Supporting disabled people into work

Although the majority of people with a learning disability want to work, only 20% of working age people with a mild or moderate learning disability and just 6% of people with a severe learning disability are in employment. Compared to 79% of the general population, this means a huge number of learning disabled people are being denied the opportunity to work.

The barriers that stop people from working can vary, but people with a learning disability often face issues such as:

  • Lack of self-confidence in their capability
  • Lack of opportunity to gain skills for employment
  • Negative attitudes or assumptions in the workplace
  • Lack of awareness of support available

The government is attempting to tackle employers’ attitudes and provide support through the Access to Work scheme. This can help employers make reasonable adjustments and support people in their job. But before they can make use of this, disabled people need to be given opportunities to learn skills, gain confidence and get the same opportunities as everyone else.

The story of Kate*, someone Dosh supports who recently started work, helps illustrate the many different types of support needed for someone with a learning disability to be able to work.

Kate found a job in a warehouse thanks to a scheme run by the Prince’s Trust. With their support, she was able to understand what employers were looking for, gain skills and meet companies who understood the value of disabled employees.

As well as the normal nerves everyone has before starting a new job, Kate had additional worries that she wouldn’t be able to cope with working full time or keep up with her co-workers. Kate was sure she would always fall behind, as she hadn’t see other people “like her” in the workplace.

Kate’s advocate helped her understand her right to ask for reasonable adjustments so that her work hours could be reduced to a manageable level. Dosh also helped Kate to learn new budgeting skills so that she could manage her wages and pay her bills. Finally, we helped her to apply for Working Tax Credit so that she was getting all the money she was entitled to.

However, Kate still felt like other people in her workplace judged her for needing this or felt like she was getting preferential treatment. It took a long time before she felt like they had got to know her as a person and saw her as an equal. However, eventually her colleagues recognised the hard work and persistence that made Kate a valuable employee and great co-worker.

Kate’s story shows that even when people with a learning disability manage to access work, they can still face additional barriers due to other people’s attitudes and assumptions. The challenge is therefore not only to give people the skills, confidence, opportunities and support they need, but also to change attitudes to disability more widely.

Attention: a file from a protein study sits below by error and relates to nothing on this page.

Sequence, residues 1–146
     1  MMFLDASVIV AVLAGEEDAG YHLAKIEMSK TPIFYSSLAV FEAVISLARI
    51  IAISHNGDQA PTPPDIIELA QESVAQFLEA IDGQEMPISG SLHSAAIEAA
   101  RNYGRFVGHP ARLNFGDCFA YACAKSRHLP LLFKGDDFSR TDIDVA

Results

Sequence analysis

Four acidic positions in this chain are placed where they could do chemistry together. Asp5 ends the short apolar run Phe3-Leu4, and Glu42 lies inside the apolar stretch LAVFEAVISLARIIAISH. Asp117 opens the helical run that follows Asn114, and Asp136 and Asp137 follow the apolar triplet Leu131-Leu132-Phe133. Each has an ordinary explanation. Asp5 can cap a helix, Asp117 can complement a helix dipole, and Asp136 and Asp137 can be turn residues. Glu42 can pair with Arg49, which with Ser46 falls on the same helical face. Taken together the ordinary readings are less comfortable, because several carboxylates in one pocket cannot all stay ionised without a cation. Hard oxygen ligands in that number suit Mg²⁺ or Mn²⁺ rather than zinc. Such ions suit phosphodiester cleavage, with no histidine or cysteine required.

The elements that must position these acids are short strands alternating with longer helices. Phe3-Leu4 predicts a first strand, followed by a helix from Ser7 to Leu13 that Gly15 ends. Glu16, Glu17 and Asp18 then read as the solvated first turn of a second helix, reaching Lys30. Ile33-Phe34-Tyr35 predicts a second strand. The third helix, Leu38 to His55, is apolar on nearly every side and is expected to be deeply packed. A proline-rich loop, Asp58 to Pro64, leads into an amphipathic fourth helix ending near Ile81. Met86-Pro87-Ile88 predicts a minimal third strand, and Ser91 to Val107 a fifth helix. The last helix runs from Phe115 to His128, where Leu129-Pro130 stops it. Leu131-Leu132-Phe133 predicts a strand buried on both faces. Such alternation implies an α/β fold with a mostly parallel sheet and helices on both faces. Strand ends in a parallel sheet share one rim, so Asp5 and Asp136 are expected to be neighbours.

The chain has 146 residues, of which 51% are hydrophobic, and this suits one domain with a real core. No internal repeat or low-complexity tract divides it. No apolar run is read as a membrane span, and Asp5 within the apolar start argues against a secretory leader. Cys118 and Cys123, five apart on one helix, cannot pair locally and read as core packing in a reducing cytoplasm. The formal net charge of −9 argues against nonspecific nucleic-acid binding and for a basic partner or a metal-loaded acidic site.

One programme attempting to do just this is Change100, a scheme run by Leonard Cheshire and Koreo (which also runs CharityWorks, a graduate leadership programme that Dosh partners with each year).

Change100 recognises the need to challenge the employment gap not only through opportunities for disabled people, but also through challenging our ideas about what disability is and what disabled people can do. Change100 does this through 3 month paid work experience placements with top employers such as Barclays, the BBC, Skanska and Lloyds, amongst others.

There are other organisations across the world doing interesting projects to address the disability employment gap that we could learn from. For example, the Danish company Specialisterne trains Autistic people to become high-value consultants for the tech industry. Instead of seeing autism as a barrier to finding work, they emphasise the value that come from including people who are not ‘neurotypical’ amongst the workforce.

In the UK, there are organisations such as Remploy and Mencap doing great work and campaigning in this area. Support providers have recognised for a long time that there is huge value to employing ‘experts by experience’ to design the best possible care and support. For example, 40% of Directors within the Thera Group have a learning disability.

However, we need to make sure that people with a learning disability aren’t just employed within the social care sector. Disabled people have a huge amount of value to offer any workplace and we need to fight for more and better jobs for people. Whether people start by volunteering at a local community centre or gaining confidence at a self-advocacy group, we need to make sure there are opportunities for people at every step of the way.

At Dosh, we hope to empower people to make the most of their life by having more independence and control over their money. This could mean helping someone understand how their benefits might change if they started work, or giving people opportunities to have a real say over how our support works.

We are currently recruiting for a (voluntary) Non-Executive Director with a learning disability for our Board, so if you or someone you know might be interested in taking on a new challenge then please get in touch to learn more.

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